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Pacific News: Niue Prepares for Influx of Visitors

Niue Prepares for Influx of Visitors

By Jeremy Rose

Captain James Cook named Niue, Savage Island, after a less than welcoming reception saw him unable to set foot on the world's largest coral atoll in 1774.

Niueans later explained to missionaries that they were fearful the explorer would bring sickness to the island. Possibly one of the Pacific's earliest examples of a successful, if temporary, public health intervention.

Click to enlarge

Click to enlarge

Click to enlarge

With up to 500 visitors expected to descend on Niue for next month's Pacific Islands Forum, the country's health professionals are bracing themselves once again for the possible negative impacts of outside visitors.

Niue's Director of Health Dr Sitaleki Finau says the influx of hundreds of people from throughout the Pacific to a country with just 1200 permanent residents poses potential public health risks.

He says the main concern is that visitors could introduce dengue fever, STDs, HIV or the flu. The island is home to the mosquito that spreads the dengue virus but to date has been free of the virus itself.

Dr Finau says despite there being no known sex workers on the island the spread of STDs is a potential concern as well. "But I think we have things in place so we won't be taken by surprise."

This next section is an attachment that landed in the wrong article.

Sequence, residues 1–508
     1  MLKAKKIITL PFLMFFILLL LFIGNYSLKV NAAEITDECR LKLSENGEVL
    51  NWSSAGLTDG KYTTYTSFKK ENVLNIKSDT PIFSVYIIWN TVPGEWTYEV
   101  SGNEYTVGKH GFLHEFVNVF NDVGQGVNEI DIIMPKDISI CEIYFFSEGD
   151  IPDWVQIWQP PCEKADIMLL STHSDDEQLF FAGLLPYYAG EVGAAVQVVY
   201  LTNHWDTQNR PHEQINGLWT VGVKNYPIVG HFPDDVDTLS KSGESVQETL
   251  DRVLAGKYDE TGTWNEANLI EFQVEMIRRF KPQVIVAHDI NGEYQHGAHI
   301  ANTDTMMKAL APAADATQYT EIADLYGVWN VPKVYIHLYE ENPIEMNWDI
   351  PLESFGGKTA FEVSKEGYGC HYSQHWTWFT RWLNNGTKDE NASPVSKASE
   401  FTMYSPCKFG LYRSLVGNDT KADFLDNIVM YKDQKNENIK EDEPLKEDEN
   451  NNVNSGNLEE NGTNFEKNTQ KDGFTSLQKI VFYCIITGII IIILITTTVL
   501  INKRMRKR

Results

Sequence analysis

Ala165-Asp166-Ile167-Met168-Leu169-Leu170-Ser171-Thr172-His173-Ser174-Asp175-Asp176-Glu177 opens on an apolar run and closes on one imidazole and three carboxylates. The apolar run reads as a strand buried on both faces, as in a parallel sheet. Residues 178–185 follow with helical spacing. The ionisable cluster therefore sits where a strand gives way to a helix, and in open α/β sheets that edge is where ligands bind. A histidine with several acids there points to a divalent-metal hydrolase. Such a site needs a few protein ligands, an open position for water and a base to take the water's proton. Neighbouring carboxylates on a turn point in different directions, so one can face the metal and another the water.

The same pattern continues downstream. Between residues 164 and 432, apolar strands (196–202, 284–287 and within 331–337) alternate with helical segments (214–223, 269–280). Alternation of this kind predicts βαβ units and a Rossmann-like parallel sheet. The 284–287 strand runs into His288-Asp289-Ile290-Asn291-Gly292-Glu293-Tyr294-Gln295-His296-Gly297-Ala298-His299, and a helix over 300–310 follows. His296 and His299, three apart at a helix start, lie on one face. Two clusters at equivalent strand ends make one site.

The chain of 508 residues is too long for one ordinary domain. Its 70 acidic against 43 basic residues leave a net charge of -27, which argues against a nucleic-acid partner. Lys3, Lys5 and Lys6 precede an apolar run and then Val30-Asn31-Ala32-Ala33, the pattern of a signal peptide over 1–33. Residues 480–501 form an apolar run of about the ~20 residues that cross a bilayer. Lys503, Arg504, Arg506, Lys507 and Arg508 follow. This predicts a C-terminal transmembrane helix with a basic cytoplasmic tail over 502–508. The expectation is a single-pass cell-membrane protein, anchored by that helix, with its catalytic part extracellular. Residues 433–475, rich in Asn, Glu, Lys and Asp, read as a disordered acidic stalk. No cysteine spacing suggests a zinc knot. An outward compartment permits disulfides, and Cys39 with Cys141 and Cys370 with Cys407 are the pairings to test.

He says preparations are also being made for a large increase in the quantities of rubbish being produced and precautions taken to avoid any outbreaks of food poisoning.

Niue Police chief Ross Adern say he's bringing in an extra 50 police from New Zealand to help provide security during the event.

"We have to be prepared for whatever contingency that might occur. We hope for the best but need to plan for the worst."

The "worst" he is referring to is a terrorist attack. An event he describes as extremely remote but one that needs to be taken seriously nevertheless.

He says both Australian prime minister Kevin Rudd and New Zealand's Helen Clark will be bringing their own securiity.

Adern says he isn't expecting any increase in local crime due to the temporary growth in population. "The Niuean people have embraced the fact that we're going to have a whole lot of different people visiting."

Meanwhile, work has begun on sprucing up Alofi for the upcoming forum with new picnic tables being installed and fresh coats of paint being applied to public buildings.



Jeremy Rose's visit to Niue was sponsored by the Pacific Co-operation Foundation.

Copyright Jeremy Rose. Email:

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